February 28, 2010

Gil Scott–Heron at Columbia College, Chicago 18th Feb 2010

Writing about web page http://www.opednews.com/articles/An-Evening-with-Gil-Scott-by-Kevin-Gosztola-100221-171.html

Gil Scott-Heron has always been an impassioned and inspiring performer, but I can’t pretend that I have always been completely comfortable with his polemic. When teaching political poetry in a Creative Writing workshop setting, I use his album Small Talk at 125th and Lennox to show the power of political writing, but also to highlight the problems in using poetry for moralising or didactic purposes. In this kind of workshop, it is useful to play students ‘The Revolution will not be Televised’...

...and/or ‘Whitey on the Moon’.

In poems like these, Heron uses rhetoric, humour and irony to critique American society, but what is more disturbing is how he uses such techniques in the poem/song ‘The Subject was Faggots’, a diatribe against homosexuals. The homophobic hatred in this poem is shocking and disturbing, and it is very difficult to understand how Scott-Heron becomes so bigoted when he is such a passionate spokesperson for black rights. Thinking about these paradoxes, however, does force students to consider where the line is between political polemic and hate speech. As Tim Dellow explains for Rock Feedback:

Like with Johnny Cash before him, there is a desire to whitewash and sanctify the artist towards latter stage of his career. This is a man made up of many faults. (Rock Feedback )

Gil Scott Heron at Columbia College

It was with some trepidation then that I attended a little-publicized “reading” by Gil Scott-Heron at Columbia College, Chicago to celebrate African History Month. The reading, however, turned into a three and a half hour show to a warm audience of Chicagoans, who continually shouted or clapped encouragement.

After a warm-up act by performance poets, Verbatim, Scott-Heron began his set by simply talking, telling stories in a very honest and unaffected way. For example, Scott-Heron told the story of how he was touring with Stevie Wonder in 1980 when the terrible news came that John Lennon had been shot. Wonder decided not to mention Lennon’s death until the end of that night’s show, and Scott-Heron recalled in moving detail how Wonder spoke about his murdered friend. The next day’s newspapers, however, reported that Wonder hadn’t mentioned Lennon’s death. Scott-Heron told us wryly to always stay until the end of the gig.

When Heron did start to play, it was simply him and a piano singing classics like ‘Your Daddy Loves You’, ‘We Almost Lost Detroit’, ‘Pieces of a Man’, ‘Winter in America’ and ‘Or Down you Fall’. Later a pianist, drummer and a harmonica player join him to blast out more upbeat numbers like ‘Three Miles Down’, ‘95 South (All of the Places We’ve Been)’, ‘Work for Peace’, ‘Is That Jazz’, and ‘Celebrate, Celebrate, Celebrate’. The night ended with everyone on their feet, young and old, and it fe;t more like a gospel church service than a gig. Strangely missing were the diatribes of Small Talk at 125th and Lennox, as the more aggressive polemic was replaced by a message of simple survival. Less confident and knowing than it once was, Scott-Heron’s voice sounded all the more sincere when he sang out:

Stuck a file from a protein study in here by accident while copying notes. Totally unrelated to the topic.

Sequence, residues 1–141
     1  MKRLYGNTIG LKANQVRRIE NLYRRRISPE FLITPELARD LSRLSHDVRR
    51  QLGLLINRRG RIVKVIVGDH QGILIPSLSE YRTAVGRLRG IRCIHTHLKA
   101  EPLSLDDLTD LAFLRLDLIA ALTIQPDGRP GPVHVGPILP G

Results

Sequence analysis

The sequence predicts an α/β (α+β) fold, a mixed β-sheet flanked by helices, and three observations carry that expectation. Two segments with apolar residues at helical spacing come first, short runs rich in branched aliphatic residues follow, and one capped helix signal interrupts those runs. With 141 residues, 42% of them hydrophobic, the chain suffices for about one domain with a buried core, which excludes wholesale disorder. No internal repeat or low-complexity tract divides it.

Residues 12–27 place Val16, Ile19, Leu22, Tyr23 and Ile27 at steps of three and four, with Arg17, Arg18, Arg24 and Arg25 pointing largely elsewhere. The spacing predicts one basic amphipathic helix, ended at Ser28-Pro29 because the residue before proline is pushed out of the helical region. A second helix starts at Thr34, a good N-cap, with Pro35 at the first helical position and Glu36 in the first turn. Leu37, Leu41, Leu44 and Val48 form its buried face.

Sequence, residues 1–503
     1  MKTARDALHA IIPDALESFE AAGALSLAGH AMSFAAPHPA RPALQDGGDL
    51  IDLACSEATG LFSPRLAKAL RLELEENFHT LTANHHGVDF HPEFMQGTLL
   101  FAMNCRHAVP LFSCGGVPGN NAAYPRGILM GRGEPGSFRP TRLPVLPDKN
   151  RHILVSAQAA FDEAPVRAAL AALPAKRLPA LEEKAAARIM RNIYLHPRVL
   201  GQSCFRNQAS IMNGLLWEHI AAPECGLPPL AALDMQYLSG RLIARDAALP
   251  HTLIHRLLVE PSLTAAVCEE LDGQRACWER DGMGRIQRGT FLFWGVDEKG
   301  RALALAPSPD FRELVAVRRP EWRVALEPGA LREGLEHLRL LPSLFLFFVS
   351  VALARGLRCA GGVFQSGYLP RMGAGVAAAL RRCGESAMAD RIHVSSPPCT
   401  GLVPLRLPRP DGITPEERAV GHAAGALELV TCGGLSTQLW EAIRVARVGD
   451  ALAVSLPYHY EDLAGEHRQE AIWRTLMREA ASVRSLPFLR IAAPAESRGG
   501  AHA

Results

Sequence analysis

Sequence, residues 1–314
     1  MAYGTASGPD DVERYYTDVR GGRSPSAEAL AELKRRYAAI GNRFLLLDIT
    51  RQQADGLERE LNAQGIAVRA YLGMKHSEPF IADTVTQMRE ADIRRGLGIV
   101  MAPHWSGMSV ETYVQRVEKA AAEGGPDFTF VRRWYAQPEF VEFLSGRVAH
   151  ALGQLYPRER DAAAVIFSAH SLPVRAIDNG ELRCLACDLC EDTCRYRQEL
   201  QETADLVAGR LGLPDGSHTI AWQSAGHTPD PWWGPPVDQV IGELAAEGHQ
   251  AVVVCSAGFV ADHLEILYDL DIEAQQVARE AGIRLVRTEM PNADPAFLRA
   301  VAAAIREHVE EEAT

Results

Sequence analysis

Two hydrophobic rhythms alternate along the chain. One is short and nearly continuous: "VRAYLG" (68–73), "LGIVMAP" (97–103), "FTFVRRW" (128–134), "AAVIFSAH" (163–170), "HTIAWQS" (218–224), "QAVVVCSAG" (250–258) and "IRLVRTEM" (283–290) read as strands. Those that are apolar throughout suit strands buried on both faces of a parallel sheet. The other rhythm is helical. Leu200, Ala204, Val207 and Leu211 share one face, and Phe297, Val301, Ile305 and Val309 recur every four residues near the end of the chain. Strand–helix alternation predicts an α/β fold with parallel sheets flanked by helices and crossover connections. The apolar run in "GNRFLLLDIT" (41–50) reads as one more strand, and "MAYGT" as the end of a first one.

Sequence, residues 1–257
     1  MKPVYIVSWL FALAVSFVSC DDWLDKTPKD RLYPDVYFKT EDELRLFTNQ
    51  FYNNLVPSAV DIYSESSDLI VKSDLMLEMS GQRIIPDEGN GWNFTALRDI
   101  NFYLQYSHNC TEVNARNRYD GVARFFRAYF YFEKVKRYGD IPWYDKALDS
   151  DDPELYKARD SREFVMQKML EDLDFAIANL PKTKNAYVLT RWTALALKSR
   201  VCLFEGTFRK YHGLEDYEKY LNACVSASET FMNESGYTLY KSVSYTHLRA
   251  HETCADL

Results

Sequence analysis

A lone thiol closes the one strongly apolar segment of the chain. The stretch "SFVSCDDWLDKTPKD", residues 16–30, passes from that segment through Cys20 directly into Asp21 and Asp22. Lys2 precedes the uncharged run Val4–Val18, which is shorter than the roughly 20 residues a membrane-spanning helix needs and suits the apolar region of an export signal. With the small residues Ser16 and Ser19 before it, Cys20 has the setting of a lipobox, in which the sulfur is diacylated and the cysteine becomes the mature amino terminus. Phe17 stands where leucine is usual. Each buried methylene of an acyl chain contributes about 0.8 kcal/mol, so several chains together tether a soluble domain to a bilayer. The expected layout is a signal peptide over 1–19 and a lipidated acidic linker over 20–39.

From the Indians who welcomed the pilgrims
And to the buffalo that one ruled the plains
Like the vultures circling beneath the dark clouds
Looking for the rain

- 2 comments by 1 or more people Not publicly viewable

  1. blessedunrest

    I really, strongly disagree that The Subject was Faggots is a homophobic screed. I really think he’s interested in the gay men and transgendered people he sees. He doesn’t get it, and maybe he IS a bit afraid, but he’s working through it. “You just had to dig it to dig it,” he says. I think he digs it. As a gay man, I have no authority to speak for all gay men, but I do think it’s a beautiful poem. I think he satirizes his own homophobia in his own style and on his own time. I’ve listened to it over and over again, and the more I read it the more I like it.

    29 Apr 2010, 17:56

  2. I would like to agree with you on this,as I like Gil Scott-Heron’s work very much, and I respect your view. And the poem/song does become more ambiguous on the page – the way he reads it influences the way it is perceived.

    At the very least though, there are some stereotypes that I find objectionable. He calls the men he sees ‘ball-less’. They are often described as freaks and he puns on ‘balling/bawling’ to portray a very stereotypical image. He describes a transvestite as ‘it’ and when he reads this out loud, it is said with disgust.

    Maybe my problem is the ambiguity of the piece. In the final lines, he writes ‘had there been no sign on the door that said “faggot ball” / I might have entered and god only knows what might have happened’. On the one hand, you wonder, is he saying that he might have had some kind of gay encounter? But, on the other hand, when he reads it, he seems to suggest that he might have reacted violently had he accidentally entered the ball.

    It is great though if you feel that you can reclaim this song, reframe it and force it to present another meaning, and you’re right – there is more room for ambiguity when you see it on the page. Sadly though, not everyone reads it this way. When I was doing some reading around the internet, I found ‘The Subject was Faggots’ listed on a sickening website that featured ‘100 Songs Against Gay Men’.

    30 Apr 2010, 14:20


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